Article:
24th International Symposium on the Autonomic Nervous System
Many specialty physicians and researchers view autonomic disorders only through their own disciplines. Patients often travel from specialist to specialist without communication between those providers. Research is approached in the same fashion. We want to address the need for clinical and basic scientists with an interest in Autonomic Disorders to step back and view these disease symptoms as related under the umbrella of dysautonomia; not as anomalies specific to a specialty.
This is an issue because the Autonomic studies is an emerging field. There is very little literature published as yet. The medical community may not have heard of dsyautonomia and if they have, they may not believe it exists. Most clinicians can’t identify it and don’t know how to treat it. There are very few autonomic testing laboratories in the country, very few autonomic specialists, very few well-developed autonomic programs in medical academia. The clinicians and researchers that will attend this symposium will be the thought-leaders that can bring the field to the forefront. Patients need this. Isolated clinicians and researchers need to combine their findings and observations and be encouraged to share their knowledge and experience.
We want to bring together individuals from diverse disciplines – neurology, gastroenterology, cardiology, endocrinology – both clinicians and researchers – to teach each other about the structure and function of the autonomic nervous system. We want to foster collaboration across disciplines as we study the pathology, develop treatments and strive for prevention of Autonomic Disorders.
ACCME Accreditation Statement:
This activity has been planned and implemented in accordance with the Essential Areas and polices of the Accreditation Council for Continuing Medical Education through joint sponsorship of The Medical College of Wisconsin and the American Autonomic Society. The Medical College of Wisconsin is accredited by the Accreditation Council for Continuing Medical Education to provide continuing medical education for physicians.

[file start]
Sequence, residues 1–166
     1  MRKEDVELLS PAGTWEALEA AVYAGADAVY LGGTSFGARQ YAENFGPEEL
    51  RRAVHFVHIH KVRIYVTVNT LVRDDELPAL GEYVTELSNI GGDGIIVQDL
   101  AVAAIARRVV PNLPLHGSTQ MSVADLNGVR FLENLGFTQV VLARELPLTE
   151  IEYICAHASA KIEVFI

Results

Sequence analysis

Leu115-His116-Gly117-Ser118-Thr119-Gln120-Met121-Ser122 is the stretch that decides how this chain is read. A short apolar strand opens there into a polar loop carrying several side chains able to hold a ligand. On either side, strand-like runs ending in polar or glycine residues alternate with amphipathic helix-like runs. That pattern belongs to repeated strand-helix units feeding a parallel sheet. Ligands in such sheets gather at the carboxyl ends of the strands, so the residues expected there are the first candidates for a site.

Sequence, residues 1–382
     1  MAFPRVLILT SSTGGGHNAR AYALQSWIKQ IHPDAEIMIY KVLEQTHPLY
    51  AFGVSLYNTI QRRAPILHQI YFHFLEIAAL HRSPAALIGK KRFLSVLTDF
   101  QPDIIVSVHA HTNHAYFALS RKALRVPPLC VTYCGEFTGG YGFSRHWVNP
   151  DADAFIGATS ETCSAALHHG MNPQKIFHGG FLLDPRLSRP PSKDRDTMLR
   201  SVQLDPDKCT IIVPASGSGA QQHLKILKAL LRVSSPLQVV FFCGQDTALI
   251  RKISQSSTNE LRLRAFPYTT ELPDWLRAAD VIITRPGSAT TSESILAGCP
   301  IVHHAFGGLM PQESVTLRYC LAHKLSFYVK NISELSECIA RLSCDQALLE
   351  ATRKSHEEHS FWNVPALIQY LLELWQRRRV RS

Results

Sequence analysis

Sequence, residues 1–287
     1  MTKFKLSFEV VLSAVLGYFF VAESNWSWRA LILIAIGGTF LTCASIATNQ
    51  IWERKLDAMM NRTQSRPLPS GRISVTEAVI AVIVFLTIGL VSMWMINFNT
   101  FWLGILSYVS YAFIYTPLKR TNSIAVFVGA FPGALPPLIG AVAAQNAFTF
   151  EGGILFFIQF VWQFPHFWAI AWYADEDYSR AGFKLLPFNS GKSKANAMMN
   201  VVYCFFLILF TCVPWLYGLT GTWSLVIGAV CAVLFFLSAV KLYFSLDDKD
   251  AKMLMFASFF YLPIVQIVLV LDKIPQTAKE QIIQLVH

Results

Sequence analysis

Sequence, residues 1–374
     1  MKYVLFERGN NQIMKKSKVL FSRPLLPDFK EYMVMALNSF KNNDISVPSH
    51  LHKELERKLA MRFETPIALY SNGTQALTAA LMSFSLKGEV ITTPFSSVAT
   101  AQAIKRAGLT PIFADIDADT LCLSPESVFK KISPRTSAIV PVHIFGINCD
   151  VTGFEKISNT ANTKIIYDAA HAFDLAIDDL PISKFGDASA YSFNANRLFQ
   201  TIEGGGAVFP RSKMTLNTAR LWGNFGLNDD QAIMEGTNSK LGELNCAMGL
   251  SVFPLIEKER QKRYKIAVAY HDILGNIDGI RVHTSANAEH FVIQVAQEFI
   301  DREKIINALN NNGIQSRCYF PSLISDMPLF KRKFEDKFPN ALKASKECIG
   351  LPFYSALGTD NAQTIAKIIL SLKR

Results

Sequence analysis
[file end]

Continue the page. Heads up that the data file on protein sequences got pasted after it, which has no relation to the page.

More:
AMA Credit Designation Statement:
The Medical College of Wisconsin designates this live activity for a maximum of 18.5 AMA PRA Category 1 Credits™. Physicians should claim only the credit commensurate with the extent of their participation in the activity.
Hours of Participation for Allied Health Care Professionals
The Medical College of Wisconsin designates this activity for up to 18.5 hours of participation for continuing education for allied health professionals.
- Articulate how symptoms in one organ system can be related – through dysautonomia – to systems in another organ system.
- Apply strategies from different specialties to my own area in order to take a broader perspective viewing the patient as a whole.
- Collaborate with physicians and researchers that I have met at this event to present case studies for their opinions on diagnosis and treatment.
- Confidently disseminate knowledge about the Autonomic Nervous System to colleagues.
The Fairmont Orchid
Kohala Coast, the Big Island, Hawaii
In accordance with the ACCME® standards for Commercial Support Number 6, all in control of content disclosed any relevant financial relationships. These relationships were reviewed via the MCW conflict of interest resolution process and resolved.
- 18.50 AMA PRA Category 1 Credit(s)™AMA PRA Category 1 Credit(s)™
- 18.50 Hours of ParticipationHours of Participation credit.